a recap from our speech intervention to Smart Export Academy
Conversational AI and Phygital – “Phygital Experiences and Internationalization” was the theme of the webinar organized by Federica Web Learning – Federico II University of Naples last December 2nd.
Below we retrace the interesting introduction by Cristina Mele, Professor and Management and Service Innovation Coordinator together with the response Stefano Somenzi, Athics CTO, to the question “What does it mean designing phygital experiences for customers?”
According to the philosopher Luciano Floridi we live an “Onlife” existence, in which every barrier between real and virtual has fallen and where there is no difference between online and offline, in a hybrid environment like the habitat of mangroves that grow in a climate where the river (fresh water) meets the sea (salt water).
Similarly, the concept of “phygital”, a crasis between the words “physical” and “digital”, describes the hybrid dimension between offline and online, in which companies today establish a new way of interacting with their customers.
The concept was first introduced in October 2014 by the US chain Lowe’s (home accessories and hardware) that announced the introduction, during the holiday season, of two service robots for sale in a store in downtown San José in California, with the aim of verifying how robotics could benefit customers and employees.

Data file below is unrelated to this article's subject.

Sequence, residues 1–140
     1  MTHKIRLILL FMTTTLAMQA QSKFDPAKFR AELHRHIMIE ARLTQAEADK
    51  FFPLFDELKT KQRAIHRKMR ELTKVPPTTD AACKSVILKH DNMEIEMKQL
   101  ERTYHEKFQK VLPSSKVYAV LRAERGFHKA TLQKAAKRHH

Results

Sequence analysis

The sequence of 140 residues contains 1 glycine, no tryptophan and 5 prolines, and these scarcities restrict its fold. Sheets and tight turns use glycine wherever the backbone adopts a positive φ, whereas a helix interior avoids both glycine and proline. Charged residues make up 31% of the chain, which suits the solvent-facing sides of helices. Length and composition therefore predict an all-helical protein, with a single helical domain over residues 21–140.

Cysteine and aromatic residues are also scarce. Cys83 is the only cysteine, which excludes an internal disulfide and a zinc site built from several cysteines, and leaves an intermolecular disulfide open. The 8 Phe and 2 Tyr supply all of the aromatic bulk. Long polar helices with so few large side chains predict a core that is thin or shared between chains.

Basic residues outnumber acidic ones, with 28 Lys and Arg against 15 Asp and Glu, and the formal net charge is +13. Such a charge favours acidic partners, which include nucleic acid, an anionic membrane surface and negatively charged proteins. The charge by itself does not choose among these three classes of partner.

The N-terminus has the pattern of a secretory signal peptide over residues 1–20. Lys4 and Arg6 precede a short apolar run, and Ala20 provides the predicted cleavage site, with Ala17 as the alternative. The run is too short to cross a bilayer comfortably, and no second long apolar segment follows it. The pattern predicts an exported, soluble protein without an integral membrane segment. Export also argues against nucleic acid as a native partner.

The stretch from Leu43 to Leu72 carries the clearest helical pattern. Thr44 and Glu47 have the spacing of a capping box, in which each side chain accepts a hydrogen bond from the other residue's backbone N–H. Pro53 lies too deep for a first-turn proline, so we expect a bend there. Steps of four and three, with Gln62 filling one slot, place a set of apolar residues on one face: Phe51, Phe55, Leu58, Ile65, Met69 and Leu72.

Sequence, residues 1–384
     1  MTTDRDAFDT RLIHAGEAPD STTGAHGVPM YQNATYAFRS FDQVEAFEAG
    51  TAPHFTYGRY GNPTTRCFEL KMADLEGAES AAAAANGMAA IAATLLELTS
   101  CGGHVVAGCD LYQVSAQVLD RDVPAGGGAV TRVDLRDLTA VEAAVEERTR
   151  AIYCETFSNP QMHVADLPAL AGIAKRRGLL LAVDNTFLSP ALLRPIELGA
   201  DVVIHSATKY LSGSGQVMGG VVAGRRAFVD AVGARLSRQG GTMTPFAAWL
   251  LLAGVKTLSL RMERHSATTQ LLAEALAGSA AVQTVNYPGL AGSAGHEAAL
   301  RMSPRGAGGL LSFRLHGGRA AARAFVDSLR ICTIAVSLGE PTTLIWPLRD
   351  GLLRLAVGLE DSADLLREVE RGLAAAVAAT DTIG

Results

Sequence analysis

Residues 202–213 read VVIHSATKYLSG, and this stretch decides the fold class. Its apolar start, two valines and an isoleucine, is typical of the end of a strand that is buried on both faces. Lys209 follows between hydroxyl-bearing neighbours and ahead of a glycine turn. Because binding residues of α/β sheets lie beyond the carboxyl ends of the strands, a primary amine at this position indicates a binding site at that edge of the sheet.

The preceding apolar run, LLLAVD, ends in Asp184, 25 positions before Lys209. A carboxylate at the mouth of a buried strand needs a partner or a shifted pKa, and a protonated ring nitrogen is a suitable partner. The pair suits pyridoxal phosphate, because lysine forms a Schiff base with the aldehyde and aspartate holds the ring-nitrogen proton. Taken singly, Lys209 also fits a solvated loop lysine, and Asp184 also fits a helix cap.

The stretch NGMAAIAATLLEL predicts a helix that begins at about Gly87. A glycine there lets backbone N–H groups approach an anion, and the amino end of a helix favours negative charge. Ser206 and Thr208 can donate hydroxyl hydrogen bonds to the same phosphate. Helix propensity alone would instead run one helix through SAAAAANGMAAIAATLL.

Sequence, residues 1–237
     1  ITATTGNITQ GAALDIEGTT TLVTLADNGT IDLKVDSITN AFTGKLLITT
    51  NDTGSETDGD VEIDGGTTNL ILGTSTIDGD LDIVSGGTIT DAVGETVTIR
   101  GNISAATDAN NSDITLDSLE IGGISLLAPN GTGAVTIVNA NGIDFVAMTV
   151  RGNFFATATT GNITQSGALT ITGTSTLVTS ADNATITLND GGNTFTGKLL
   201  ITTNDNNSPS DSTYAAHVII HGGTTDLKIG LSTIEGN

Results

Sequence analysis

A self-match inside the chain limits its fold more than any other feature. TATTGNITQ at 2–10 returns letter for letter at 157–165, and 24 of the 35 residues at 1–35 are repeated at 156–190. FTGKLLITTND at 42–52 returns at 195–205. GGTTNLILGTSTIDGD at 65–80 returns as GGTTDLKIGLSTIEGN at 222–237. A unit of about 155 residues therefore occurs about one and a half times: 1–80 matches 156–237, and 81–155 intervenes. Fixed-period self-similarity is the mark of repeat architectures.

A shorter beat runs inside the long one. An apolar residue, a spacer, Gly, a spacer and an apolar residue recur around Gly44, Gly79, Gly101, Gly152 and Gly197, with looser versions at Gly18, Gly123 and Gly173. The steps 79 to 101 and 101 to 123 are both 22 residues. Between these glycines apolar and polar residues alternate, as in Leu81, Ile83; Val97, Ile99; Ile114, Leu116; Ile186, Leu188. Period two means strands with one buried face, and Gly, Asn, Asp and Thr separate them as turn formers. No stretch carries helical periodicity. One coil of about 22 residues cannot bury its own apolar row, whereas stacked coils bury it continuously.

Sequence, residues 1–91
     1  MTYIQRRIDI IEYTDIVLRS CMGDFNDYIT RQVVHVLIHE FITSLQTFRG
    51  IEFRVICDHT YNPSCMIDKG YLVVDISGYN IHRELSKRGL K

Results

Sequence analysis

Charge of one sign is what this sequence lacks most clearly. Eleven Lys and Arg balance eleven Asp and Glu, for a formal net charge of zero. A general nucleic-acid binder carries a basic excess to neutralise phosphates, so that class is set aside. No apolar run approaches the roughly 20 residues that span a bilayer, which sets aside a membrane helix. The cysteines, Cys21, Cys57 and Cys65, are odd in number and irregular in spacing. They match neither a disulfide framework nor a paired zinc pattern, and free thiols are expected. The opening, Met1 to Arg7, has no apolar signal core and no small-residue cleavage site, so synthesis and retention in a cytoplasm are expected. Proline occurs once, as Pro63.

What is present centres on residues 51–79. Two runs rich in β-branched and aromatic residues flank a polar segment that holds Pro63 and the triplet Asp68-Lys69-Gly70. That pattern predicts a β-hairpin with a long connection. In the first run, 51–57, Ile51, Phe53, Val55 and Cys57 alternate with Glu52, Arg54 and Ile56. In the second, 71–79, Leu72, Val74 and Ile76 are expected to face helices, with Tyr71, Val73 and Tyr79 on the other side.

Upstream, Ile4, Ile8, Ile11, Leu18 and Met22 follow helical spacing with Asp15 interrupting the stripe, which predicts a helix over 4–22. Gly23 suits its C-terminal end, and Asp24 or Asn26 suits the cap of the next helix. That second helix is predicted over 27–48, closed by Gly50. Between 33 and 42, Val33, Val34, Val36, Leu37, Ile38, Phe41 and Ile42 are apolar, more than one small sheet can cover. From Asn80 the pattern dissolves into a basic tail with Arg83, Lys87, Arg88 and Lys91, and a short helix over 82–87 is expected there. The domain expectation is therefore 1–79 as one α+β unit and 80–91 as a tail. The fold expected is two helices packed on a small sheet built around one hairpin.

In phygital field, robotics and artificial intelligence do not play a role of prevarication on the human element, but rather the role of a technology in support of people.
conversational AI and phygital: the technology that reduce complexity
Conversational AI and Phygital – In this scenario, solutions such as virtual agents that by definition belong to the digital world, find a point of contact with physical reality, represented by the interaction in natural language for a gratifying user experience.
In a Conversational AI solution, the linguistic and psychological components are as important as the technological, economics and mathematical ones.
In fact, the relationship between the use of technologies and the stress generated in the people who use them is becoming increasingly important.
For example, technostress (or cyberstress) is a disorder caused by the inability to manage the information technology, further compounded by the frustration generated by the information overload.
Technologies such as artificial intelligence apply to the solution of “complex” problems, where the difficulty is given by the amount of data to be managed.
The human brain, on the other hand, is inclined to manage “complicated” problems where the creative and intuitive elements make the difference.
It is therefore easy to understand how artificial intelligence can contribute to the reduction of stress, taking over the management of the amount of data, reducing the complexity of the context.
In the famous Charlie Chaplin’s film “Modern Times” a man somehow succumbs to the physical gears of a machine. Today, we can count on the support of an impalpable technology, but concretely aimed at improving the quality of the user experience.
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